Mental illness can have extensive affects on every aspect of the life of a person suffering from mental illness as well as their friends and family. Likewise, child custody decisions can be impacted by either parties mental health issues. However, a mental illness does not necessarily mean that a parent will not be awarded custody or a significant amount of parenting time. This blog explores how mental health issues impact child custody decisions in Indiana.
Indiana’s child custody order statute (I.C. 31-17-2-8) provides that custody shall be awarded based on the best interests of the child and lists several factors the court must consider when determining the child’s best interest. These factors include, but are not limited to, the age of the child, the child’s wishes, with more weight given to a child’s wishes when they are 14 years of age or older, the child’s adjustment to their home, school, and community, the child’s relationship with each parent, and the mental health of all parties. While the court must consider all factors listed in the statute and all other factor that affects the child’s best interests, it may give more weight to any one factor (Gilbert v. Gilbert, 7 N.E.3d 316 (Ind. Ct. App. 2014)). In Trammel, the court gave considerable weight and consideration to the children’s wishes, as they were all 14 years old or older (Trammel v. Trammel, No. 22A-DR-2032 (Ind. App. May 17, 2023). In Pitcavage, the court placed a significant amount of weight on mother’s emotional instability and dysfunctional relationship with the child (Pitcavage v. Pitcavage, 11 N.E.3d 547 (Ind. App. 2014)). Minor mental health issues that do not affect the child or the parents ability to parent may be given very little weight.
In Indiana, physical custody is awarded based on the best interests of the child. So, when a parent has a mental illness, the focus of the court will not simply be on the fact that they have a mental illness, but instead on how the illness affects the child. It will consider the parents ability to keep the child safe, healthy, and happy as well as what type of home environment the parent provides the child and the type and severity of the mental illness, as well as any treatment the parent is receiving (Marriage Divide). Parents with a mental illness that effects their decision making ability may have a difficult time getting legal custody, which allows the parent to make major decisions about the child’s upbringing, such as healthcare, education, and religious training. Treatment, however, may help the parent regain some of the lost mental functioning in order to allow them to share joint legal custody. A parent who suspects or knows they have a mental illness should seek diagnosis and treatment from a qualified healthcare provider if they wish to retain custody or parenting time with the child.
The parenting time rights statute (I.C. 31-17-4-1) provides that a non-custodial parent shall have reasonable parenting time with the child unless the court finds, after hearing, that parenting time may might endanger the child's physical health or significantly impair the child's emotional development. A parent may argue that the other’s mental illness does just that in order to prevent them from being awarded parenting time, decrease the amount of parenting time awarded, or have their parenting time ordered to be supervised. Producing medical records and having a therapist or treating psychologist or psychiatrist testify regarding your ability to keep your child safe and provide for their basic needs can help protect your custody and parenting time rights.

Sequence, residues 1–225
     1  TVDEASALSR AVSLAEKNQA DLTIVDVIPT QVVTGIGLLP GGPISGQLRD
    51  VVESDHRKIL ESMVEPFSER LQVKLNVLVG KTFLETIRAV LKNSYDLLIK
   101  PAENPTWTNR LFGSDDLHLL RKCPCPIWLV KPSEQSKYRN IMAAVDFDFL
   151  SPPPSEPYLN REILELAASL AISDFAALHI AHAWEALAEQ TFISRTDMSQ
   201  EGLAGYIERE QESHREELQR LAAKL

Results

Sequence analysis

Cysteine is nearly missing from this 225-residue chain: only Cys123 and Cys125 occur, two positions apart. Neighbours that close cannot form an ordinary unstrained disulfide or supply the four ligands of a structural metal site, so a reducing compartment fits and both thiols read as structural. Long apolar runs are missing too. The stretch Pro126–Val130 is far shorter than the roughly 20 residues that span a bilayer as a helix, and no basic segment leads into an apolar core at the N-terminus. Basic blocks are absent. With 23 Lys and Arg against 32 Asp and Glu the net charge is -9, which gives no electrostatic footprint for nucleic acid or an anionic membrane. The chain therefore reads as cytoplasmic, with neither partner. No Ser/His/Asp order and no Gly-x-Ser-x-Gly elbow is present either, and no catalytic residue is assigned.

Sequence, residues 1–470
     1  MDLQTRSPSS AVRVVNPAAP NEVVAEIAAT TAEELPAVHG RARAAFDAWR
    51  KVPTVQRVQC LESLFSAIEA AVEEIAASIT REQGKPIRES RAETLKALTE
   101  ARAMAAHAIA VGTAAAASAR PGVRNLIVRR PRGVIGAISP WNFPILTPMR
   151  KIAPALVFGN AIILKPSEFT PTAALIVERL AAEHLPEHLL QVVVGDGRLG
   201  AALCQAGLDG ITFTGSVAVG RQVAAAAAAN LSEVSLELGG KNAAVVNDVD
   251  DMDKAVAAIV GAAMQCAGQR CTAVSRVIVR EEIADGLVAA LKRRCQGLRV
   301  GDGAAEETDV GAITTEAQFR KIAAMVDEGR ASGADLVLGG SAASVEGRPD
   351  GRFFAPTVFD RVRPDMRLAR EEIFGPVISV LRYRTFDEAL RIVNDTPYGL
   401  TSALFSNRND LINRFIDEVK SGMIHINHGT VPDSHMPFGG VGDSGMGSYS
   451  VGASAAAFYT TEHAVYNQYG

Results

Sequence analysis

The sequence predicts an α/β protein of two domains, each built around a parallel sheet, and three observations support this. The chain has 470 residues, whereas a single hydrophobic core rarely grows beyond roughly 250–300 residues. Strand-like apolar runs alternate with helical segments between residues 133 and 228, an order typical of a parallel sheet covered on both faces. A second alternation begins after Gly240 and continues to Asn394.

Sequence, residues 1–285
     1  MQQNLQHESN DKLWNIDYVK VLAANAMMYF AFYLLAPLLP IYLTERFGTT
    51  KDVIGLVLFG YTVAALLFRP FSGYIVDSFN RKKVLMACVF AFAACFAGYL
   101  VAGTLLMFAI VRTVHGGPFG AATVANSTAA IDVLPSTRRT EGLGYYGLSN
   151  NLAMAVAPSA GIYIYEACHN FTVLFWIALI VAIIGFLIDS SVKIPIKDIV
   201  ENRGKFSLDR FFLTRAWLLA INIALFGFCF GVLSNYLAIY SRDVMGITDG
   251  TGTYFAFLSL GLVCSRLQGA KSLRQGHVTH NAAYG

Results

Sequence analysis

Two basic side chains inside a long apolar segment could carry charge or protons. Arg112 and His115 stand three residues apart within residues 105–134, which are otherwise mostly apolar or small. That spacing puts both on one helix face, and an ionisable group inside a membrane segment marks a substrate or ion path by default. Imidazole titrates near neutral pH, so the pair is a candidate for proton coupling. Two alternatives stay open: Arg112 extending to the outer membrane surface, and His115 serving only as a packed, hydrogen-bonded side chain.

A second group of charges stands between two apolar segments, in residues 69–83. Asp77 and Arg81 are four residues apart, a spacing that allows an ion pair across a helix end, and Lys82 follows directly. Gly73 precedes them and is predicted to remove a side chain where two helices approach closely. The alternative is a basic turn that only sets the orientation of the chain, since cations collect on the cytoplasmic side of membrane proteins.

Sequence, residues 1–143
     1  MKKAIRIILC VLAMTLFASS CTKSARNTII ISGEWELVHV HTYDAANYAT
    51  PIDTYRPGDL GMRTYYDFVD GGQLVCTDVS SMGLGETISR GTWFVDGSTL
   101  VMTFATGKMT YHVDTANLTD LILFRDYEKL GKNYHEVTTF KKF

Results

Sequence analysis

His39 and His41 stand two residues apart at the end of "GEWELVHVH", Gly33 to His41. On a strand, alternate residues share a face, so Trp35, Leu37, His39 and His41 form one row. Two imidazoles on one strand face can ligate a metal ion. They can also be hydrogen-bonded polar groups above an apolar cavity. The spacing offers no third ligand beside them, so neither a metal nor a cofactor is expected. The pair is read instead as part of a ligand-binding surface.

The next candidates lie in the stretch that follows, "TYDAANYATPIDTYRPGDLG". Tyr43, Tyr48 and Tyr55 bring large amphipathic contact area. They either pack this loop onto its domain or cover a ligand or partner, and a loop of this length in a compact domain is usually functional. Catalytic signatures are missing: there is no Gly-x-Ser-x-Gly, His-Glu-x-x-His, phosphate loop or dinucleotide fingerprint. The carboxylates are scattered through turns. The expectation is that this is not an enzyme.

Overall, mental health issues may or may not impact child custody or parenting time decisions. Every child is different as is every parent with a mental illness. Parents who can keep their child safe, provide for their basic needs, and stay focused on their best interests are less likely to lose custody or parenting time than those whose mental illness prevents them from properly caring for the child. While some parents may avoid seeking treatment for a mental illness, for fear of losing their child, it is always best to get the treatment needed so that you can show the court you are working on your mental health and getting the treatment needed to better care for your child. Mental health is only one of the factors the court will consider when making a custody determination, and even parents with mental health issues may still be awarded custody or full parenting time rights.
If you or your child’s other parent are suffering from a mental illness and involved in a custody dispute, the experienced attorneys at Ciyou & Associates, P.C. can help protect you and your child’s rights. This blog was written by attorneys at Ciyou & Associates, P.C. It is for general educational purposes. The blog is not intended to be relied upon for any legal matter or issue. The blog is not legal advice. This is an advertisement.